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Groundwater Dewatering During Construction: If your construction project includes excavation below the groundwater table, and you might be pumping groundwater, you need to have a plan to manage that groundwater. Options include discharge to storm sewers (including gutters, pipes, rivers, etc.), discharge to sanitary sewer, or reinjection. If you wish to discharge to storm sewers, then you will need a permit from CDPHE that is designed to protect the receiving stream. Before you apply for the permit you must check for nearby contaminated sites, for example leaking underground storage tanks, hazardous waste sites, sites undergoing cleanup, etc., and if within a specified distance (for example within ½ mile of a voluntary cleanup site) you must collect a groundwater sample at your site and have it analyzed for certain parameters. Depending on the results, you might have to plan to treat your pumped groundwater before releasing it from your site. Be aware that even if chemicals you detect are naturally occurring (for example selenium), you will be required to meet a limit that might be lower than the concentration you found in the groundwater. CSU’s Main campus is underlain by a groundwater aquifer the top of which is about 15 to 20 feet below ground, so it is important to consider groundwater pumping before all construction projects. For more information visit the CDPHE web-site:
https://www.colorado.gov/pacific/cdphe/wq-construction-general-permits

Potable Water discharges

The State considers the discharge of potable water to be a “low-risk” discharge. The State has acknowledged that although potable water contains a pollutant in the form of chlorine, this pollutant can be removed and dissipates quickly. Further, when the discharge of potable water can cause erosion and transport of sediment, if appropriate management techniques are used this erosion can be minimized. Here is a link to CDPHE’s guidance on potable water discharges: https://www.colorado.gov/pacific/cdphe/clean-water-commerce-and-industry... Scroll to the bottom of the page to find the “Discharge of Potable Water Guidance”. Although chlorine in potable water can be treated or dissipated, this is not necessarily the case for superchlorinated water, potable water that is used to disinfect new water mains and fire lines. CSU typically requires contractors within CSU’s MS4 boundary to collect and dispose of superchlorinated water. All contractors must coordinate discharges of superchlorinated water with personnel in the CSU Facilities Management Utilities Group prior to superchlorinating.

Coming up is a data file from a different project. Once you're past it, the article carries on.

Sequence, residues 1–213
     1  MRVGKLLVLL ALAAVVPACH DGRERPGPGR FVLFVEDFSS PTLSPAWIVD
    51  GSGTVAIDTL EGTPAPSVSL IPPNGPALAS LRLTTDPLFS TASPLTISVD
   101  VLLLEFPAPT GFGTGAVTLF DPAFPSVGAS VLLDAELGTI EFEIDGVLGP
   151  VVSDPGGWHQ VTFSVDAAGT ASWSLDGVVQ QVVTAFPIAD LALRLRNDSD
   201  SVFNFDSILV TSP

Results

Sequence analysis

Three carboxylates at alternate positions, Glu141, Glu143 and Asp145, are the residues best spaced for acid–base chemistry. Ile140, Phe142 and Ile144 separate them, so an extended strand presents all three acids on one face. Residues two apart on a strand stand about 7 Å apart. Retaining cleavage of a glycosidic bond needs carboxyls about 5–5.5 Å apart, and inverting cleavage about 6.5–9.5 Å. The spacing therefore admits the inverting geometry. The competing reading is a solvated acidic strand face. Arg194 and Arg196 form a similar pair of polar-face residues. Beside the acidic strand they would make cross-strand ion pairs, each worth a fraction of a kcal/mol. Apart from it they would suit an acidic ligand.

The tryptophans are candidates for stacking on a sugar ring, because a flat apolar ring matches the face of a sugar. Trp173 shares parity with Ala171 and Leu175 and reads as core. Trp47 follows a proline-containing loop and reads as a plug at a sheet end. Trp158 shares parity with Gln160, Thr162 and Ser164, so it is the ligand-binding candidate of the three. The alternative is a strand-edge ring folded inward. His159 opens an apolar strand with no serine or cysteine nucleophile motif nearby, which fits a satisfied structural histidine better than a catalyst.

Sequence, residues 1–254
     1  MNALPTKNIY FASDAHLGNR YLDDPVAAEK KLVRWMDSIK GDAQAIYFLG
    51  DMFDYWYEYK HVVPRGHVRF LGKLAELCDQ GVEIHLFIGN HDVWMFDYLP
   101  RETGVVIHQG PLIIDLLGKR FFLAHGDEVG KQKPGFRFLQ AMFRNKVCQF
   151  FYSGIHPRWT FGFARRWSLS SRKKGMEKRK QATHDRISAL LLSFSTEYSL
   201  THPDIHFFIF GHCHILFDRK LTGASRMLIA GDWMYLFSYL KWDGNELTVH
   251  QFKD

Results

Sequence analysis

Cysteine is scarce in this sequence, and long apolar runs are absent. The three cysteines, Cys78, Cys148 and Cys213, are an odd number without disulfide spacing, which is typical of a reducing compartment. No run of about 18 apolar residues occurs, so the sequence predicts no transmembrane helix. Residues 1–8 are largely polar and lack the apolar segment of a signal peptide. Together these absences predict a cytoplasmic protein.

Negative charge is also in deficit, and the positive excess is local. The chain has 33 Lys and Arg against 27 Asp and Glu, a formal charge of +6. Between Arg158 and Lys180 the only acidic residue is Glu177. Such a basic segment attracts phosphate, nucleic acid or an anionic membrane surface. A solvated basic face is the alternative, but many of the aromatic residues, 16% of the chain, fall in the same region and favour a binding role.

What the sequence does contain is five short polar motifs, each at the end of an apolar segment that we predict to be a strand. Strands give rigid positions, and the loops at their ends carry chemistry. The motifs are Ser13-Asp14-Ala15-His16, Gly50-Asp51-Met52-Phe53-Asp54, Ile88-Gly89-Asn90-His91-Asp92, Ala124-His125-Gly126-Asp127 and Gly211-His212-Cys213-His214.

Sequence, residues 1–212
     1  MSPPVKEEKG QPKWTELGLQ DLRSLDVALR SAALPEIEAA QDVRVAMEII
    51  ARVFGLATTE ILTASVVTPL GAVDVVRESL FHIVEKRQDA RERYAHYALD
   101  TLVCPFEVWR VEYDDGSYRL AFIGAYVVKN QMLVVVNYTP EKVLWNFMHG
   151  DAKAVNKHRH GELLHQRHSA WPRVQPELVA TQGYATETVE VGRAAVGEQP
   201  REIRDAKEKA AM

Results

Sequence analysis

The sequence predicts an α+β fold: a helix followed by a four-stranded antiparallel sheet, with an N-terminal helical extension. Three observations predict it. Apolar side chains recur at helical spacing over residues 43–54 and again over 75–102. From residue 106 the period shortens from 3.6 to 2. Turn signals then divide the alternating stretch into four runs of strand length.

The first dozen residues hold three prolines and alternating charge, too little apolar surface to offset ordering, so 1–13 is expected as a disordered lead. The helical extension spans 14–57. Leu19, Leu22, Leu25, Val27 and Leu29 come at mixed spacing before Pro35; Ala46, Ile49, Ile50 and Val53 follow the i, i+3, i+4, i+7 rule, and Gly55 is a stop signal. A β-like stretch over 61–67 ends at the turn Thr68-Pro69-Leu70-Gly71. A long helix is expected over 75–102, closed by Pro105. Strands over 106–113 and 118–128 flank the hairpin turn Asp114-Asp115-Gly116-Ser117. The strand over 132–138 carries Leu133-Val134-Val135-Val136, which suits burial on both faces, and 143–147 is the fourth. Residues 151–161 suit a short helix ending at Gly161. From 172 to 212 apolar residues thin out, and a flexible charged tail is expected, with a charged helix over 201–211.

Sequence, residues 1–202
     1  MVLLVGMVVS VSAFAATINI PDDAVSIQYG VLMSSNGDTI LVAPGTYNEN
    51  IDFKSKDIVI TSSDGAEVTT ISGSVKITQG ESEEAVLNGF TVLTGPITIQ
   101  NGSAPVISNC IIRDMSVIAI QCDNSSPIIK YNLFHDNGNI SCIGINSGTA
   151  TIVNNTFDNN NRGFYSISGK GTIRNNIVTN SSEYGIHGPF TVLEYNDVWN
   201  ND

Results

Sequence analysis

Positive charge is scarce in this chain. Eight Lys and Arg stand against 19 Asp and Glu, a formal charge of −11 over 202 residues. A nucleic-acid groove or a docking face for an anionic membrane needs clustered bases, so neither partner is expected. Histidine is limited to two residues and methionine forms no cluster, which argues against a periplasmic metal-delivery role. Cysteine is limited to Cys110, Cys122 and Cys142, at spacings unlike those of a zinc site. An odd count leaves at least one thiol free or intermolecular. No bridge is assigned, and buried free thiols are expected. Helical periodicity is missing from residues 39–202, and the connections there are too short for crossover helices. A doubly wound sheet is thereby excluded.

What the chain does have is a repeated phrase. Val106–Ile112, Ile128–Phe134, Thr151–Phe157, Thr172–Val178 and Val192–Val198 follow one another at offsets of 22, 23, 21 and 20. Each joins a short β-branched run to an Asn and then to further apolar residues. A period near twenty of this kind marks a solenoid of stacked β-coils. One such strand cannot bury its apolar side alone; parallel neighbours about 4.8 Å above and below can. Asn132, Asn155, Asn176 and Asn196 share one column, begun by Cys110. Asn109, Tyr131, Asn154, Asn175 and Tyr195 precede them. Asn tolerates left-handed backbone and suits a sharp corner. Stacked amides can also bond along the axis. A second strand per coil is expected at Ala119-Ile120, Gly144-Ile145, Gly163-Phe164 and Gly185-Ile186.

What Can I Do to Prevent Stormwater Pollution?

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Here are a few healthy household habits that you can do to help clean up the water bodies around Fort Collins:

  • Use a commercial carwash or wash your car on a lawn or other unpaved surface to minimize the amount of dirty, soapy water that enters the storm drain.
  • Purchase nontoxic, biodegradable, recycled, and recyclable products whenever possible.
  • Clean up PET WASTE and dispose of it properly (preferably in the toilet)!!
  • If your vehicle is leaking fluids, repair them as soon as possible. If you are repairing your vehicle, do it in an appropriate location and clean up any spills immediately.
  • Dispose of hazardous chemicals and automotive fluids in an appropriate manner. DO NOT dump them in the gutter, down any drains or dispose of them in the garbage.
  • Keep the sidewalks shoveled outside of your house to minimize the need to use de-icing agents Adobe Reader Document (PDF).

Remember, any pollutant you place or see on the ground will eventually end up in our rivers, creeks, and lakes. Keep this in mind next time you go swimming, kayaking, or tubing down the Poudre River!! If you observe someone illegally discharging wastes around CSU please report the incident to CSU Facilities Dispatch at 970-491-0077.